DIET PLAN­NING 101

Top tips from the lat­est book by global gym Ul­ti­mate Per­for­mance

Shape (Singapore) - - November 2018 -

Use the right tools

Set daily nu­tri­tion tar­gets and keep a de­tailed log of your meals with nu­tri­tion track­ing ap­pli­ca­tions like My Fit­ness Pal. To pre­vent por­tion dis­tor­tion, keep your serv­ing sizes in check with a food scale – dig­i­tal for ex­tra ac­cu­racy. Af­ter cook­ing, meat and fish tend to lose flu­ids and weigh less, while starchy carbs like pasta ab­sorb wa­ter, so it’s ideal to weigh your foods be­fore toss­ing them onto the pan. Sched­ule your meals reg­u­larly Work in four meals round the clock at threeto five-hour in­ter­vals. Have an early morn­ing break­fast be­fore work, lunch and din­ner, and fit in a mid-morn­ing or mid-af­ter­noon meal. Hav­ing a fixed rou­tine helps to stave off hunger and con­trol your crav­ings, since you know when your next meal will be.

Time your pre-work­out meals well

Fu­elling your bod­ies with the right food is as im­por­tant as when ex­actly you should pop a snack. Avoid eat­ing at least one hour be­fore it starts to pre­vent a stom­ach up­set. Train­ing first thing in the morn­ing? Have a small 200kcal snack that is easy to di­gest, such as a piece of fruit.

Pri­ori­tise pro­tein

When plan­ning your meals, make pro­tein your main com­po­nent, es­pe­cially if your aim is to build mus­cle. Even if you can’t eat meat, fish, poul­try, eggs or dairy, your al­ter­na­tive op­tions are aplenty. Plant-based pro­tein sources in­clude soy­abased prod­ucts like tofu and legumes like chick­peas and lentils.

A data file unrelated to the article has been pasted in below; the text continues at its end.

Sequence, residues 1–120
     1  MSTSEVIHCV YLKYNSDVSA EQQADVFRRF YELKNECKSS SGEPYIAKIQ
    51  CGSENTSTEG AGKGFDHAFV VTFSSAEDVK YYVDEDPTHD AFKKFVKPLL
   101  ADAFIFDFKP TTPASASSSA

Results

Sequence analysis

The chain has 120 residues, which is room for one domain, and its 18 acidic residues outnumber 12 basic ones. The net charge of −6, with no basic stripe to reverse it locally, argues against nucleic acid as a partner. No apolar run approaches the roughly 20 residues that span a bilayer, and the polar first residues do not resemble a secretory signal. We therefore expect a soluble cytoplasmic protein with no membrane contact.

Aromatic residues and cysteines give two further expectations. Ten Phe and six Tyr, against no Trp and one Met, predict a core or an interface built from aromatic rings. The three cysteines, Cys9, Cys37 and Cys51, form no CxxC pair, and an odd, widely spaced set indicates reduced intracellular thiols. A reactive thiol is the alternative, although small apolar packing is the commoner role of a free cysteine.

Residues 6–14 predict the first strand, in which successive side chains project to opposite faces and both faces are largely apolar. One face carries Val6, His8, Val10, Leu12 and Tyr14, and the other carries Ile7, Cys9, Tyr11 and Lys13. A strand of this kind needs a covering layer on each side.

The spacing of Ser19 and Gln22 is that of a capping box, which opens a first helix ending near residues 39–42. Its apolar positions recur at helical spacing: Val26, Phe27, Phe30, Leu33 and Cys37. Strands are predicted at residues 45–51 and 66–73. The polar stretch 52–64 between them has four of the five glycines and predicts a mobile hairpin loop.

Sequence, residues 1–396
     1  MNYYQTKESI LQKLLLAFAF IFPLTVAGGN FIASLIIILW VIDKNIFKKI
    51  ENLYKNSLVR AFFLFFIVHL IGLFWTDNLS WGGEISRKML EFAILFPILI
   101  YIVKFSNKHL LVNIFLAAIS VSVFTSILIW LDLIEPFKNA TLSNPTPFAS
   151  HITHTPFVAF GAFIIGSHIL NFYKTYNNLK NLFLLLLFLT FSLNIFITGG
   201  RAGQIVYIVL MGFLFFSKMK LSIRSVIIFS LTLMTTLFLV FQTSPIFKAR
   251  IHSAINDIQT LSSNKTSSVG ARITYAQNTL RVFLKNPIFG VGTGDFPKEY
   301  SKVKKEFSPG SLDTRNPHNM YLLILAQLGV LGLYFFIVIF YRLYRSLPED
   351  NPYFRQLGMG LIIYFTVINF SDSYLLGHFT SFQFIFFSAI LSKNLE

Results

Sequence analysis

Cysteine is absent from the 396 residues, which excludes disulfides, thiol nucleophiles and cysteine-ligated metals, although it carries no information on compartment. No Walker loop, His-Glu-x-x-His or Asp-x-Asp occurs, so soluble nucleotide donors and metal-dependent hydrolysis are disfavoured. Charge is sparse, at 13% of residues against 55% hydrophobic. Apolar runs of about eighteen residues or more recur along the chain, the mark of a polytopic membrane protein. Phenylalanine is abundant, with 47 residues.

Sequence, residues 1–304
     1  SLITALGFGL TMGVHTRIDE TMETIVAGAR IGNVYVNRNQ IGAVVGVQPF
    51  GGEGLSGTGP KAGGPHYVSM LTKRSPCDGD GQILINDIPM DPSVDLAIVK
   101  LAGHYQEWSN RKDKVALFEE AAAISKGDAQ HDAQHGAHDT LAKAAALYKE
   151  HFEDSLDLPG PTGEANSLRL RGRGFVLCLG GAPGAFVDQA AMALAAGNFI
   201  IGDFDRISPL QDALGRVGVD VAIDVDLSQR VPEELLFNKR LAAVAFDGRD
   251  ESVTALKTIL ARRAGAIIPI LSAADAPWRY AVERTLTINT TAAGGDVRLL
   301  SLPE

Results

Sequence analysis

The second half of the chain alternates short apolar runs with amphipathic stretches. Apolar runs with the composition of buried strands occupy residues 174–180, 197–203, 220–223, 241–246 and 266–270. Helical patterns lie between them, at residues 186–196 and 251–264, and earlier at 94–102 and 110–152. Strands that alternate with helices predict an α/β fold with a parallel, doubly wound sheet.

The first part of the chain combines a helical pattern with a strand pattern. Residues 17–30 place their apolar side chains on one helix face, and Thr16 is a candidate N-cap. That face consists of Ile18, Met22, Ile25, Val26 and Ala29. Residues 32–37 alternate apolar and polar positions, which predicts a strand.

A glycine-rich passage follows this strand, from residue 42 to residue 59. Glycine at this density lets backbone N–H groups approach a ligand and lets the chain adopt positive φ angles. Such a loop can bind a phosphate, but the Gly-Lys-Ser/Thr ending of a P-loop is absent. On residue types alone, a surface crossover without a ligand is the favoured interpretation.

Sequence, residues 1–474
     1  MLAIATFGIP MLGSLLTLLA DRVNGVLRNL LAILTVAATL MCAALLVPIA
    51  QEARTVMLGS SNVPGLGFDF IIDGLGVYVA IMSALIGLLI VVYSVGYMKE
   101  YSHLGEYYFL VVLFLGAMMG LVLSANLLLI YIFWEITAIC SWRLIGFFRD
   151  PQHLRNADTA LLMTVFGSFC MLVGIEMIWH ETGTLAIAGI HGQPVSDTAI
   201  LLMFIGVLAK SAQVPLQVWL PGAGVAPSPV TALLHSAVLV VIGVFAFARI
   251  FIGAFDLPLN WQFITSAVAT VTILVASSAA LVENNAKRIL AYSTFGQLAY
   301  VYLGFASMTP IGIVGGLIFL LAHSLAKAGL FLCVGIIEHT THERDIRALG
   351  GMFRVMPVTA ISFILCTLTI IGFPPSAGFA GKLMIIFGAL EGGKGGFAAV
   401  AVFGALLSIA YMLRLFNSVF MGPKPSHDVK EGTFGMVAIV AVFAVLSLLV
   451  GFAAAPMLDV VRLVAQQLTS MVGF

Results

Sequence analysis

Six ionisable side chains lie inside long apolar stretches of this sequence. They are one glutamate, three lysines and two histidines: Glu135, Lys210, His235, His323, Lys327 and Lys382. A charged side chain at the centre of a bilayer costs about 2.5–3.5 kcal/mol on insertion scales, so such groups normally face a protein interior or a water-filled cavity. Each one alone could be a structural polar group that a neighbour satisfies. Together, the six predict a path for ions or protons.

Don’t for­get fats

Fat is not the en­emy – it helps to add tex­ture and flavour. How­ever, be wary of trans fatty acids found in pro­cessed foods. In­stead, in­cor­po­rate good fats that help to lower your choles­terol lev­els and boost heart health, such as av­o­ca­dos, al­monds, cashews, and omega-3-rich sal­mon and mack­erel. Be smart about carbs Op­ti­mise your carb in­take by fill­ing half your plate with non-starchy veg­gies like spinach, as­para­gus and pep­pers and add one or two serv­ings of fruit ev­ery day. It is easy to overeat starchy veg­eta­bles and grains like po­ta­toes and brown rice, so leave them only as fillers to meet your car­bo­hy­drate tar­get for the day.

Add drinks too

Con­sum­ing enough flu­ids isn’t just im­por­tant for over­all health; it can also help with fat loss. Good hy­dra­tion habits to adopt in­clude drink­ing one to two litres of wa­ter through­out the day – when you wake up, and with ev­ery meal. If quit­ting high-calo­rie so­das cold turkey is too tough for you, try switch­ing to diet so­das first, but be aware of its caf­feine con­tent.

Learn to adapt when din­ing out

You don’t have to avoid all so­cial oc­ca­sions for fear of bust­ing your diet. The se­cret is mak­ing wise de­ci­sions: choose restau­rants with health­ier op­tions, skip dessert, re­place fries with salad and ask for dress­ing and sauces to be served on the side. Be­sides mak­ing pro­tein your base, re­mem­ber to choose the lean­est op­tion to help con­trol calo­rie count.

“A top tip to sim­plify the meal plan­ning process is to cre­ate one or two reg­u­lar meals for each meal time. For ex­am­ple, mak­ing it part of your rou­tine to have eggs for break­fast and chicken salad for lunch.” AU­THORS NICK MITCHELL AND JONATHAN TAY­LOR

Body Trans­for­ma­tion Meal Plan De­sign is avail­able for pur­chase on Ama­zon, as well as from the Ul­ti­mate Per­for­mance per­sonal train­ing gym (8 Cross Street) at $30.

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